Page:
Blood-smeared smoothies

Take it from one who knows real-life Sopranos: You don't want to have ziti and OJ with some pulp with these brutes.

When last we saw Tony Soprano, he was lying in a leather jacket on a bare mattress, clutching an automatic weapon like it was his last friend on the planet.

All around him was whacking and chaos. Tony seemed small and vulnerable - sympathetic, even. It made us root for him to survive in tomorrow night's final episode of The Sopranos.

And therein lies my problem with this unquestionably brilliant show:

We like these people too much.

The real Mafia - the sociopaths I grew up with in the crucible of the American Cosa Nostra in Bensonhurst, Brooklyn - are nowhere near as charming as James Gandolfini, who plays Tony.

Imagine the guy in the SUV who just cut you off. Now add a charcoal-black and shriveled heart, a soulless stare, and a nine-millimeter that can't be traced, and you'll begin to get the picture.

The gray grid of alleys and avenues where I grew up throbbed with guys with no direction and few options.

They were the Mob's farm team.

A maladjusted kid with some talent (larceny, virtuosity with a knife) and a dream (getting rich running a crew of miscreants) could easily garner the attention of the criminal varsity, whose members hung out in bars, clubs and cafes known to the neighborhood.

It was tempting for all of us at least to consider joining up. The Cadillac-piloting wiseguys wore gorgeous suits, chunky bling, and amazing ties from Barneys that exploded with the kind of color you don't normally get to see in the drab half-light under the elevated B train.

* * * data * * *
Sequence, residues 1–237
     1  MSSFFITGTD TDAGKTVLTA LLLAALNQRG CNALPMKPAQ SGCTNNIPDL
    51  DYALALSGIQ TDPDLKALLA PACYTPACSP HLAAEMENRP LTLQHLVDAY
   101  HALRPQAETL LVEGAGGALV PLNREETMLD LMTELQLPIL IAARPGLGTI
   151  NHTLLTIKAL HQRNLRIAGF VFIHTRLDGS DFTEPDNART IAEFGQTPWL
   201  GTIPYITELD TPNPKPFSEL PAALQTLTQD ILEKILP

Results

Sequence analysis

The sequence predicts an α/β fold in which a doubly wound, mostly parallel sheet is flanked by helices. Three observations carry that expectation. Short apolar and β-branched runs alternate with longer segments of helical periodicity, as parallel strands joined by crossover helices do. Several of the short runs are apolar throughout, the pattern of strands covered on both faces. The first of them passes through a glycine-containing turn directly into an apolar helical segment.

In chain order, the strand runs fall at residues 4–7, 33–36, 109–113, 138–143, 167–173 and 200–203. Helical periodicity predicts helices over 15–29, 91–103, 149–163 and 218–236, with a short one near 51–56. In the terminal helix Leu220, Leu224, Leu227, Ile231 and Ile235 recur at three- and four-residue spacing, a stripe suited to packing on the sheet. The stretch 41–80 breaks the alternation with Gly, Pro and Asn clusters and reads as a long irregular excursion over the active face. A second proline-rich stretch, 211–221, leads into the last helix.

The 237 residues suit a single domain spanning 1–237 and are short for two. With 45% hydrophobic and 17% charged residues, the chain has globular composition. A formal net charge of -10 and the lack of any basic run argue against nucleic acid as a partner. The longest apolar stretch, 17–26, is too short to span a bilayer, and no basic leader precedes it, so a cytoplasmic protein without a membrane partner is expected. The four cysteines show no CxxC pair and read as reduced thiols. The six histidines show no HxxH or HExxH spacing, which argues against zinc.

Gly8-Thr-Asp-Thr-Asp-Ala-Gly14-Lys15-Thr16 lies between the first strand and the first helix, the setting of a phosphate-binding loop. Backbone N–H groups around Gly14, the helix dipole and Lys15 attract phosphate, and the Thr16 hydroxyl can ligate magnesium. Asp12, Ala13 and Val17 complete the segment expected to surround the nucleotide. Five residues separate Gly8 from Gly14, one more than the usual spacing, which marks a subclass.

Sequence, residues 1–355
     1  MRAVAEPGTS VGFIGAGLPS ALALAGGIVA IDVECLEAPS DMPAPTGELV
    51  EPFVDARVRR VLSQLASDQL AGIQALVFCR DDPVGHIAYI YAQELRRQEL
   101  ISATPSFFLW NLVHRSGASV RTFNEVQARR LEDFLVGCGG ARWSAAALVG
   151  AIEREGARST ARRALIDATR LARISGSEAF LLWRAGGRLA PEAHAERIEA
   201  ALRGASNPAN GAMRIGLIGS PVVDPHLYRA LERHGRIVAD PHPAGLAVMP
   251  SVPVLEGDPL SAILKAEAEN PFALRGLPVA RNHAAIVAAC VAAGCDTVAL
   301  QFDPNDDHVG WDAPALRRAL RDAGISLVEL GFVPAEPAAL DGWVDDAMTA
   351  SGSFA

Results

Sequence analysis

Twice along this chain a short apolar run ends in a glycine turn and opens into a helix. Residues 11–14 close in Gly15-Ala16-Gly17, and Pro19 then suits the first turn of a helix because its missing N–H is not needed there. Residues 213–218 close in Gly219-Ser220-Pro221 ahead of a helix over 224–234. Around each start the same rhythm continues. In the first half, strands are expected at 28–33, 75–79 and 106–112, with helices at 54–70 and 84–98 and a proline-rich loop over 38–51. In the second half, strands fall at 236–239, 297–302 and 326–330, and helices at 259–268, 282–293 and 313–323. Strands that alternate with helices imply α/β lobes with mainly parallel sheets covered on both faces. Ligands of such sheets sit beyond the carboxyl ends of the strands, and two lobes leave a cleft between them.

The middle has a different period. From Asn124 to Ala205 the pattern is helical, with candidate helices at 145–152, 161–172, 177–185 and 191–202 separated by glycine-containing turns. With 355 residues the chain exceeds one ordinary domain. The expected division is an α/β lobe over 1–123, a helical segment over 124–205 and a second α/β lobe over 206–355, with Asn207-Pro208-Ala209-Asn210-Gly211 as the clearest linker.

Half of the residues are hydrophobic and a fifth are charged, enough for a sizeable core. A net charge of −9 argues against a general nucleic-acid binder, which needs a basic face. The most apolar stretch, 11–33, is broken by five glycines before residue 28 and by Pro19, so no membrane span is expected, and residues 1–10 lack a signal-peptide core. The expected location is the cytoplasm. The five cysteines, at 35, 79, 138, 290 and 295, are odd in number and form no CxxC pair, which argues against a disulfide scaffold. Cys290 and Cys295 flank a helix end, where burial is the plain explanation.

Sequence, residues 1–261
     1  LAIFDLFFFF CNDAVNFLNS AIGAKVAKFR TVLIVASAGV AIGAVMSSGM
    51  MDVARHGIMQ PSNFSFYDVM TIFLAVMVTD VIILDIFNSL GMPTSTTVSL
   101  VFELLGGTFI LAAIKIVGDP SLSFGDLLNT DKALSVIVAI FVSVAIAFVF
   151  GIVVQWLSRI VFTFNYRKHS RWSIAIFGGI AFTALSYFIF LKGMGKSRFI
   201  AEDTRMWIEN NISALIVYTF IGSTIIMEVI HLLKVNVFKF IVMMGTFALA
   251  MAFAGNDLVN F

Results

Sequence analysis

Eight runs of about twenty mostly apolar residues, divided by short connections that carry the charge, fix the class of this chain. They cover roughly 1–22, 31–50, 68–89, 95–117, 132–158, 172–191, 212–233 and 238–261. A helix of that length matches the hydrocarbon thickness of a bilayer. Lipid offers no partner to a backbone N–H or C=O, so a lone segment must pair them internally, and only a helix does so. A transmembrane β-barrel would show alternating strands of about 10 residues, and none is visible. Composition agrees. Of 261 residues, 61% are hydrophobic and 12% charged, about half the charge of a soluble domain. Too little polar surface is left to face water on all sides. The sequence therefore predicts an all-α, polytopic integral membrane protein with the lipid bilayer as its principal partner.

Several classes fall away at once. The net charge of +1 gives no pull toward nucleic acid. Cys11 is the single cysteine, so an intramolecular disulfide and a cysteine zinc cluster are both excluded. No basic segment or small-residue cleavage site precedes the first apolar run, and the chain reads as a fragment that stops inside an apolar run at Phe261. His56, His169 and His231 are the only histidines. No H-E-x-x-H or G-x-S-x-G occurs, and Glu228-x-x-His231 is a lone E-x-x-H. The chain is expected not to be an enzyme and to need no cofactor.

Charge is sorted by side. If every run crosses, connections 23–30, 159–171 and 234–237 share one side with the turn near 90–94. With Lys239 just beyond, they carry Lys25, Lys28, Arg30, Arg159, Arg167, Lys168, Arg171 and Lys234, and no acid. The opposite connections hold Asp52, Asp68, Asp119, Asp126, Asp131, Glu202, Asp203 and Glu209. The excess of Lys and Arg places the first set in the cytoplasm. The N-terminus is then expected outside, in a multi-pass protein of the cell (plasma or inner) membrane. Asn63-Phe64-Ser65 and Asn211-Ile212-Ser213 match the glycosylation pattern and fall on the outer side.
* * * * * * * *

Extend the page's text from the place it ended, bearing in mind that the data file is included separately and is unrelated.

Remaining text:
More important, from our teenage perspectives, young women draped themselves all over these men like yet more fashion accessories.

When your father had no work, and the overworn seams in your jeans kept ripping, and no girl would look at you because you rode the No. 5 bus, these high-GQ, low-IQ men were walking recruitment posters, representing a reasonable life alternative.

Except they sold heroin to children. I could never get past that.

And they regularly shook down my uncle at his pizza joint for protection money. I could never forgive that.

So I went another way.

And when I became a newspaperman, I tried my best to avoid writing about the scum I left behind, because the truth is, newspapers, books, movies and yes, HBO series tend to aggrandize these men in some way or other.

David Chase, the creator of The Sopranos, says in interviews that he has worked hard to make sure viewers don't forget that Tony is a monster. And, yes, we've seen him kill his kin and diss his wife to further his aims.

There's little doubt, too, that Tony may pay dearly for his chosen vocation.

But he, Silvio Dante (Bruce Springsteen's right-hand man, Steven Van Zandt), and others are still rakishly likable. We feel a certain sentimentality about them, because we've followed their lives over the years.

It's like that with so much Mafia-themed media, especially movies. The Godfather, particularly, played up attractive aspects of the life of the Original Gangstas: friendship, family, loyalty, honor, adherence to a code.

It all sounds very nice - in art. Real life, however, is a different story.

If you met genuine Mafiosi out on the street, believe me, you would not invite them into your living room every Sunday. Even if they did leave their guns home and bring cannoli.


Coming Sunday

In Arts & Entertainment, Inquirer television critic Jonathan Storm looks at 10 key moments from The Sopranos.


Join an online chat Monday at noon about The Sopranos' finale at

Contact staff writer Alfred Lubrano at 215-854-4969 or